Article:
Columbie is a poetic name for the Americas an the feminine personification o the Unitit States o Americae, made famous bi African-American poet Phillis Wheatley durin the American Revolutionary War in 1776. It haes inspired the names o mony bodiess, places, objects, institutions, an companies in the Wastren Hemisphere an ayont.
Leid[eedit | eedit soorce]
|Inglis (anerlie)||225.5 million|
|Spainyie, incl. Creole||34.5 million|
|French, incl. Creole||2.0 million|
Inglis is the de facto naitional leid. Although thare is nae offeecial leid at the federal level, some laws—such as U.S. naturalization requirements—staundartise Inglis. In 2007, aboot 226 million, or 80% o the population agit five years an aulder, spoke anerlie Inglis at hame. Spainyie, spoken bi 12% o the population at hame, is the seicont maist common leid an the maist widely taucht seicont leid. Some Americans advocate makkin Inglis the kintra's offeecial leid, as it is in at least twinty-aicht states. Baith Hawaiian an Inglis are offeecial leids in Hawaii bi state law.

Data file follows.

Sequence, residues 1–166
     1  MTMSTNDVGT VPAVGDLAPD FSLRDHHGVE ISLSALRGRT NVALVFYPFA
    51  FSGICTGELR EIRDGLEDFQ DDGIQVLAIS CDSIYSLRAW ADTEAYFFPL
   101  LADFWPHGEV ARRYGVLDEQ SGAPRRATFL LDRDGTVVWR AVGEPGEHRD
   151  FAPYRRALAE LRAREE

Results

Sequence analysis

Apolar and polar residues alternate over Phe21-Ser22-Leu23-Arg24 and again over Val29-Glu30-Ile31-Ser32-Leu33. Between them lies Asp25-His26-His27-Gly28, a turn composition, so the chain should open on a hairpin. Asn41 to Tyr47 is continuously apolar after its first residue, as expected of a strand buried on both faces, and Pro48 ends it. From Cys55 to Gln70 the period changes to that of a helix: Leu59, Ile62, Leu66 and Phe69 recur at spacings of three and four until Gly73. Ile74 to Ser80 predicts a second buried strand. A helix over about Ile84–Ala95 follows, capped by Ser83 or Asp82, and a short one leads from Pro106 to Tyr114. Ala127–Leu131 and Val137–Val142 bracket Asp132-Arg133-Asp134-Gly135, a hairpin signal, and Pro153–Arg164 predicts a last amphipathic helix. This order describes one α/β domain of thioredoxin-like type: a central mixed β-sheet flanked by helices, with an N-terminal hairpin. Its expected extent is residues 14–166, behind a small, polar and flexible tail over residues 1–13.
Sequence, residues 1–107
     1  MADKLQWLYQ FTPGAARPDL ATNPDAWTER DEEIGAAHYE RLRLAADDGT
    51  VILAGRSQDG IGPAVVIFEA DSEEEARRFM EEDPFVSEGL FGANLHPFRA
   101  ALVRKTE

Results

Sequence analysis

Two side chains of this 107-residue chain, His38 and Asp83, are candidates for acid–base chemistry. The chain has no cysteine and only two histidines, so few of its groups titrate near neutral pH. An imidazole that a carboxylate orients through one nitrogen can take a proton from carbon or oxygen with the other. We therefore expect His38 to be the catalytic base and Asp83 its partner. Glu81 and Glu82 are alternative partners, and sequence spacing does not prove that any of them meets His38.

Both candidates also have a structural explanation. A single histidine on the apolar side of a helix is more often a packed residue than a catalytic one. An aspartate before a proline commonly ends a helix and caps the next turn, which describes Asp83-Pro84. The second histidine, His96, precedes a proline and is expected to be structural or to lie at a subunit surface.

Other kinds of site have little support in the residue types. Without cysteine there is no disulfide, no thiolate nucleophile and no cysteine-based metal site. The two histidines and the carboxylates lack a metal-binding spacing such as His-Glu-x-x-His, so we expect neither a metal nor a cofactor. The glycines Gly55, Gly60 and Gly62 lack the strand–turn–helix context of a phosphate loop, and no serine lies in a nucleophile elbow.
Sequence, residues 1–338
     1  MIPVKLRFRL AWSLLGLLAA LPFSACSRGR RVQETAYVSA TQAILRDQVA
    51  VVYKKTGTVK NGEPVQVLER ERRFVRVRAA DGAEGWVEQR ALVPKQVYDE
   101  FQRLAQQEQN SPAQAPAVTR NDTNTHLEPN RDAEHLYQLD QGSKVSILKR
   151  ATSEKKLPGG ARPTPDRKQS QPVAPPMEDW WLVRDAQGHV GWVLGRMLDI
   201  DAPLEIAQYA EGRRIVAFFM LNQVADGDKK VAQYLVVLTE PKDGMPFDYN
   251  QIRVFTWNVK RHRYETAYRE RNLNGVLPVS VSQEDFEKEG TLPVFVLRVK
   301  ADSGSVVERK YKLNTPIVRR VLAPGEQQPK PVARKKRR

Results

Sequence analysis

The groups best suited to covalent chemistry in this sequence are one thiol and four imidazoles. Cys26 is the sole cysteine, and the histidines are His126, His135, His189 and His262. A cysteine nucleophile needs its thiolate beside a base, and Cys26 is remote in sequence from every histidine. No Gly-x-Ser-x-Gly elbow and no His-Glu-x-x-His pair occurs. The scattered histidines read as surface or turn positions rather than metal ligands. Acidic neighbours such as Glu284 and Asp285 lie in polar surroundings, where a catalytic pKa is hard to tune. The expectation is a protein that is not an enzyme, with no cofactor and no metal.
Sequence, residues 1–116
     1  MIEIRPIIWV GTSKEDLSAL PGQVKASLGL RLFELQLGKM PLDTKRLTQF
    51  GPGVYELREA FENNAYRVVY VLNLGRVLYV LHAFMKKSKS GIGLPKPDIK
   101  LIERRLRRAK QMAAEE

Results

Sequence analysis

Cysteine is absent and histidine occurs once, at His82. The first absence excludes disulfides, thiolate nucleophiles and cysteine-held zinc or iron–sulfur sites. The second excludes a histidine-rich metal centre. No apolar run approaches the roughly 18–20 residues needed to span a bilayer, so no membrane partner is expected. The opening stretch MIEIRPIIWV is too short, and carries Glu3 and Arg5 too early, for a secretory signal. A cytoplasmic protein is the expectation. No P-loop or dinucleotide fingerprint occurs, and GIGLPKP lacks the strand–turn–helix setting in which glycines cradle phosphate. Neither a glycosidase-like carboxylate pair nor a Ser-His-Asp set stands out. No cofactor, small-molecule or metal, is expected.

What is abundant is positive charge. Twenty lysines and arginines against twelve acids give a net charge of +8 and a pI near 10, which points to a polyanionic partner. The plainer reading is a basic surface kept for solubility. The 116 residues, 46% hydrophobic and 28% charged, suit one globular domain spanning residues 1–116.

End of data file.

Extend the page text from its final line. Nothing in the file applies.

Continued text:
While neither haes an offeecial leid, New Mexico haes laws providin for the uise o baith Inglis an Spainyie, as Louisiana does for Inglis an French. Ither states, such as Californie, mandate the publication o Spainyie versions o certain govrenment documents includin court forms. Several insular territories grant offeecial recognition tae their native leids, alang wi Inglis: Samoan an Chamorro are recognisit bi American Samoa an Guam, respectively; Carolinian an Chamorro are recognisit bi the Northren Mariana Islands; Spainyie is an offeecial leid o Puerto Rico.
Releegion[eedit | eedit soorce]